Named By: S. L. Brusatte, M. T. Young, T. J. Challands, N. D. L. Clark, V. Fischer, N. C. Fraser, J. J. Liston, C. C. J. MacFayden, D. A. Ross, S. Walsh & M. Wilkinson - 2015.
Classification: Chordata, Reptilia, Ichthyosauria, Parvipelvia, Neoichthyosauria.
Species: D. shawcrossi (type).
Size: Roughly estimated at 4.3 meters long.
Known locations: Scotland, Isle of Skye - Bearreraig Sandstone Formation.
Time period: Toarcian of the Jurassic.
Fossil representation: Partial post cranial remains including elements of the tail, back and fin.
1959 a fossil hunter named Brian Shawcross found a few portions of
what was once an ichthyosaur
some 175-182 million years before.
Shawcross donated this find to the Hunterian museum in Glasgow,
Scotland, but for over fifty years the fossils were just listed as
those of an ichthyosaur. Then in 2015 a collaborative project
conducted between the University of Edinburgh, National Museums
Scotland, the Hunterian Museum, Scottish National Heritage and the
Staffin Museum of Skye brought fossils that had been found on the
Island of Skye over the past few decades and subjected them to
modern day scrutiny. The fossils of the ichthyosaur found by
Shawcross in 1959 were few, in fact only four bones of the
original skeleton had been collected. Yet between these bones several
features were mapped out that had not been seen in any other known
species of ichthyosaur, meaning one thing; Shawcross and the
researchers on the project had discovered a new genus of ichthyosaur.
The new ichthyosaur was named Dearcmhara, and at the time it represents one of the few times that the Gaelic language has been used to name a genus. Although the named begins with a ‘D’, it is pronounced as if it were a ‘J’ (full pronunciation above). The type species name D. shawcrossi is in honour of the first discovery of the fossils, Brian Shawcross. Since the 2015 naming, Dearcmhara has been credited as the first marine reptile known from Scotland, though no relative of the Loch Ness Monster as it is now often joked!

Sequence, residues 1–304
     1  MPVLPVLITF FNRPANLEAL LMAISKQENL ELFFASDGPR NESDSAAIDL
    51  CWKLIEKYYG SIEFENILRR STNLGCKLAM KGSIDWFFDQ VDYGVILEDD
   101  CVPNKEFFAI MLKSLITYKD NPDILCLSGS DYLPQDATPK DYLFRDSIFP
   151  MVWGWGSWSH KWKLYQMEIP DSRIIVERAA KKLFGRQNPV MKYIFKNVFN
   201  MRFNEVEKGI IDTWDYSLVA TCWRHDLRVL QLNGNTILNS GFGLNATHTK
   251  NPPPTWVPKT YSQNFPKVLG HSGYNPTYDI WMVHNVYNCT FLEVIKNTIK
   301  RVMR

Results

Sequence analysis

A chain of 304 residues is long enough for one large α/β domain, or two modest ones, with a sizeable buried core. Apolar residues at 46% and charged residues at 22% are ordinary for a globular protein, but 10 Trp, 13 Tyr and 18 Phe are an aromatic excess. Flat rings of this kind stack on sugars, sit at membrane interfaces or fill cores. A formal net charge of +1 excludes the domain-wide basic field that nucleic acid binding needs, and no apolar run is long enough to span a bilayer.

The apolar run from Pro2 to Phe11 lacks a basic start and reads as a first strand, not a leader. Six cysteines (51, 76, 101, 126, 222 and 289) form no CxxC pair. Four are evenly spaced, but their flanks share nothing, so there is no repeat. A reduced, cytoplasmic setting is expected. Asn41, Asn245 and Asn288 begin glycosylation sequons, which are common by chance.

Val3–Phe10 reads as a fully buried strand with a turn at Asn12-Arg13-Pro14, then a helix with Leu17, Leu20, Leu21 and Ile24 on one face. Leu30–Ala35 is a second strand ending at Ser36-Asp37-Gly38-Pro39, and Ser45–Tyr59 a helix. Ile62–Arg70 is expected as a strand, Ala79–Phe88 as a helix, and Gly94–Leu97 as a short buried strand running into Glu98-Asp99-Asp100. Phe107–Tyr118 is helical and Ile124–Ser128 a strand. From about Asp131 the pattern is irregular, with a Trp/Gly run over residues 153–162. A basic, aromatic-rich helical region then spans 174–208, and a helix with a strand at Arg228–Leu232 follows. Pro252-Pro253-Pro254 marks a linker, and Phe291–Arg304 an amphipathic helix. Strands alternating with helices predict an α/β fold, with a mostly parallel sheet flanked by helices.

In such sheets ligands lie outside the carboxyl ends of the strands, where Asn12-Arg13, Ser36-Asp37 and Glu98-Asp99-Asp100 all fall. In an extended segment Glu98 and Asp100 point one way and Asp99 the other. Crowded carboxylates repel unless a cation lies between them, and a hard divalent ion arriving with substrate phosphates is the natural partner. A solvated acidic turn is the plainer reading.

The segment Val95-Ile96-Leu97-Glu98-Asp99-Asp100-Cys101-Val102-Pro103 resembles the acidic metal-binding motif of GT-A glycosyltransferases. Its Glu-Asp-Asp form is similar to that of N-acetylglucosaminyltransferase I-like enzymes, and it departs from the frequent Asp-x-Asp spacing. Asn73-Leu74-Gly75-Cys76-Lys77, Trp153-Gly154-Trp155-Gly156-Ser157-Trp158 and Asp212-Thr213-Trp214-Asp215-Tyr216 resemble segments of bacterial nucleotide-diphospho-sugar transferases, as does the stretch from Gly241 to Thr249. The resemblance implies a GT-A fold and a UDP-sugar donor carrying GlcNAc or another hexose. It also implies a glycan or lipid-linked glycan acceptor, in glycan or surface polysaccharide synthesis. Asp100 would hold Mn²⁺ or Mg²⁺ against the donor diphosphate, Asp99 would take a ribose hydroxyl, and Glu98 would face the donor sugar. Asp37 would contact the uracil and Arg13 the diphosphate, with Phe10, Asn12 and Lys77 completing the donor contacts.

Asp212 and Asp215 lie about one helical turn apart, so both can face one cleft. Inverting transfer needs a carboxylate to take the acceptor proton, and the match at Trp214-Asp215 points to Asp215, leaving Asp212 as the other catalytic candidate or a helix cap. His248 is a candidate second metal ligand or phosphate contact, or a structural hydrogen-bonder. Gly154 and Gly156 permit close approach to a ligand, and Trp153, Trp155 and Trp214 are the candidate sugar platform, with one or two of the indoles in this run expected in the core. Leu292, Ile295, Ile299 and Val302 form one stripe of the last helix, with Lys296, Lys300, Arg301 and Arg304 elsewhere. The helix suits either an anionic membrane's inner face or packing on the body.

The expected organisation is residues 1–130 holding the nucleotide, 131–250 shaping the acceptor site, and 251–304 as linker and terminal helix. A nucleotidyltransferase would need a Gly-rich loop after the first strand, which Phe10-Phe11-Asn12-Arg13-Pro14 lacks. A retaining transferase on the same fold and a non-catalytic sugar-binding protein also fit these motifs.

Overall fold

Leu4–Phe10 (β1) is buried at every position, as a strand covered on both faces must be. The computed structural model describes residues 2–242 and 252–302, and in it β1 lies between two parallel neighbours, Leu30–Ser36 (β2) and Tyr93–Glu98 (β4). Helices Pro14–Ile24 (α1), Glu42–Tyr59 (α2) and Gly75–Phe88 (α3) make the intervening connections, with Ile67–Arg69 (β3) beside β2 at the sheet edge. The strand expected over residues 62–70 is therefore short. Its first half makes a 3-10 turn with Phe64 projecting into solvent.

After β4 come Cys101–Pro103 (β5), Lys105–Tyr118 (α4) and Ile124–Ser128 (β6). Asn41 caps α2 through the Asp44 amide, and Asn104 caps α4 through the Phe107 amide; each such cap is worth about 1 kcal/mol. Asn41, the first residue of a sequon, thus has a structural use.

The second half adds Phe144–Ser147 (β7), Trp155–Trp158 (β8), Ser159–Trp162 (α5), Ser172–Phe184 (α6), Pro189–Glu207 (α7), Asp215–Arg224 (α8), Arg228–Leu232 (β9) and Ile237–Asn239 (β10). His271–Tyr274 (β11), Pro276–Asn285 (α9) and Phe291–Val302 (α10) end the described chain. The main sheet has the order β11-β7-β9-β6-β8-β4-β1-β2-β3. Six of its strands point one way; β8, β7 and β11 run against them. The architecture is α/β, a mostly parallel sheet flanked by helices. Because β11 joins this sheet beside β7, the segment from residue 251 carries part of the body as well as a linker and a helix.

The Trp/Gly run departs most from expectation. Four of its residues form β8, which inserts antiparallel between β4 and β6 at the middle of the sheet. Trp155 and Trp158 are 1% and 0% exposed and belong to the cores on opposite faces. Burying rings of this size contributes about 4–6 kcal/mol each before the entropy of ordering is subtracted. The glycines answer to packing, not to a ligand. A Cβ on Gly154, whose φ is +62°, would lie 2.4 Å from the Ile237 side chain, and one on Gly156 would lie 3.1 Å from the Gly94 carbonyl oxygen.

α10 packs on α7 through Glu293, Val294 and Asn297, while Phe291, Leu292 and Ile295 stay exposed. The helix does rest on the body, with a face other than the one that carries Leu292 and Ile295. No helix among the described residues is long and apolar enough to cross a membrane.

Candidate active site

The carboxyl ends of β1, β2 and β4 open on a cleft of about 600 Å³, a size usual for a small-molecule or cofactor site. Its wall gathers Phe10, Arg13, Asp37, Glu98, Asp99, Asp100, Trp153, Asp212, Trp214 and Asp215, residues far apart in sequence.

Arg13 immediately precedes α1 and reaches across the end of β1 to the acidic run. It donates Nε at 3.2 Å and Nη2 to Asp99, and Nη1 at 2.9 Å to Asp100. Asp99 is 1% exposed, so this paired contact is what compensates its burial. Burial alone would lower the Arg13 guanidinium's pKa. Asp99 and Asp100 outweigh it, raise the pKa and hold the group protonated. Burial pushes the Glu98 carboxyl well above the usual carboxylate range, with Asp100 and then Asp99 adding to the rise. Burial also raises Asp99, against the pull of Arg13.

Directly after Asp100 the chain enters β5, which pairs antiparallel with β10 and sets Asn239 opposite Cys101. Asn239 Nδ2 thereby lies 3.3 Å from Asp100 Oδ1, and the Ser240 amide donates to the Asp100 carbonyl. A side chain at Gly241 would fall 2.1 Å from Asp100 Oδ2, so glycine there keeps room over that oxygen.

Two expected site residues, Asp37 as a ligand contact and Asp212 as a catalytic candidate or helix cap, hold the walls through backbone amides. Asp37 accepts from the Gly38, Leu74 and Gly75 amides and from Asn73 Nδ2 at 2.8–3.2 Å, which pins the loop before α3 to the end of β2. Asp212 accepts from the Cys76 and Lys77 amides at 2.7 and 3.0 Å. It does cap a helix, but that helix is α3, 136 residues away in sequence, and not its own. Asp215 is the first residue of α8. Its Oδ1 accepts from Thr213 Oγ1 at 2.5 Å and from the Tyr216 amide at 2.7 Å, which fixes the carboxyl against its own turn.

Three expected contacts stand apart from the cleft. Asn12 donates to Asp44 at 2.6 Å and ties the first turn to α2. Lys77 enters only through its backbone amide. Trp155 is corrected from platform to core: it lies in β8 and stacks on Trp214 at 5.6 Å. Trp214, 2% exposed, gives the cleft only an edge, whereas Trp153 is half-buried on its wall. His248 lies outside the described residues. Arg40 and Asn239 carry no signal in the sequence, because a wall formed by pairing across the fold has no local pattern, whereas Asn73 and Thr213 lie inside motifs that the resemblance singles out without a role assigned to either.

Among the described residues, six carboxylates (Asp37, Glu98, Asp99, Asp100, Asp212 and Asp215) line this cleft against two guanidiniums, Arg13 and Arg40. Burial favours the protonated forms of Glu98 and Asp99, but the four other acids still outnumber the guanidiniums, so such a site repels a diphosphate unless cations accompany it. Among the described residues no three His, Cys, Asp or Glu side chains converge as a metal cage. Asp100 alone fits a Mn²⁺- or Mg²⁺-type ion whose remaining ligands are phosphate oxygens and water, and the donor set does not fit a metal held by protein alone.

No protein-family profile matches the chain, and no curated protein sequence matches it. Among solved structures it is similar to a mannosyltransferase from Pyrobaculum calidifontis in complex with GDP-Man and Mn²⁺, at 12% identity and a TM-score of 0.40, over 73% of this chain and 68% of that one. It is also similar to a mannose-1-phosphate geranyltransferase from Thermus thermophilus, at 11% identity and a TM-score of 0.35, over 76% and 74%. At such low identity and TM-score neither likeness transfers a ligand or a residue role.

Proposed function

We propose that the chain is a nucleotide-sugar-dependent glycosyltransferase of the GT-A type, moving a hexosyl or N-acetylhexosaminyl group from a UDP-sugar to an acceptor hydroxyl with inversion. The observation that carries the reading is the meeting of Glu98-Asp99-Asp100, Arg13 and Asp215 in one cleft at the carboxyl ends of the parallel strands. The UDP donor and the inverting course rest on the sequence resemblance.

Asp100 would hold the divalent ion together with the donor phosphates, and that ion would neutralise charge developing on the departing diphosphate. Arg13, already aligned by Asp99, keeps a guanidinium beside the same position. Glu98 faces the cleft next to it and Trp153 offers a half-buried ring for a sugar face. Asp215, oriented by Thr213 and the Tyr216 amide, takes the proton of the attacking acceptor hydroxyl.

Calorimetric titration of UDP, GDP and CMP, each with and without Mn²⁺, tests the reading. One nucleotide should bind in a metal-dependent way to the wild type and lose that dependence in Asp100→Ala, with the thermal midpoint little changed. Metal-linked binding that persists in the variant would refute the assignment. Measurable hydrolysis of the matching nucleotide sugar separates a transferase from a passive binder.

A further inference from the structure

Despite the lack of fossils, Dearcmhara has been identified as a member of the Neoichthyosauria (a sub group of the Parvipelvia), though probably a primitive one. This means that Dearcmhara may have been similar to genera such as Temnodontosaurus which was known to have been swimming in oceanic waters from the British Isles to Germany during a similar time as Dearcmhara. However this group also includes more specialised forms such as Eurhinosaurus, Excalibosaurus and Ophthalmosaurus amongst others, which were also all active at a similar time and location. These however were all fairly advanced and quite specialised, and without further fossils being found, it would be hard to tell if Dearcmhara went down a specialist line. One of the key things about Dearcmhara is that muscle attachment points on the main fore fin were very different to those seen before in other genera. We don’t yet fully understand why this should be, but future discoveries may yet shed more light upon this interesting genus.
- Ichthyosaurs from the Jurassic of Skye, Scotland. Scottish Journal of Geology. - S. L. Brusatte, M. T. Young, T. J. Challands, N. D. L. Clark, V. Fischer, N. C. Fraser, J. J. Liston, C. C. J. MacFayden, D. A. Ross, S. Walsh & M. Wilkinson - 2015.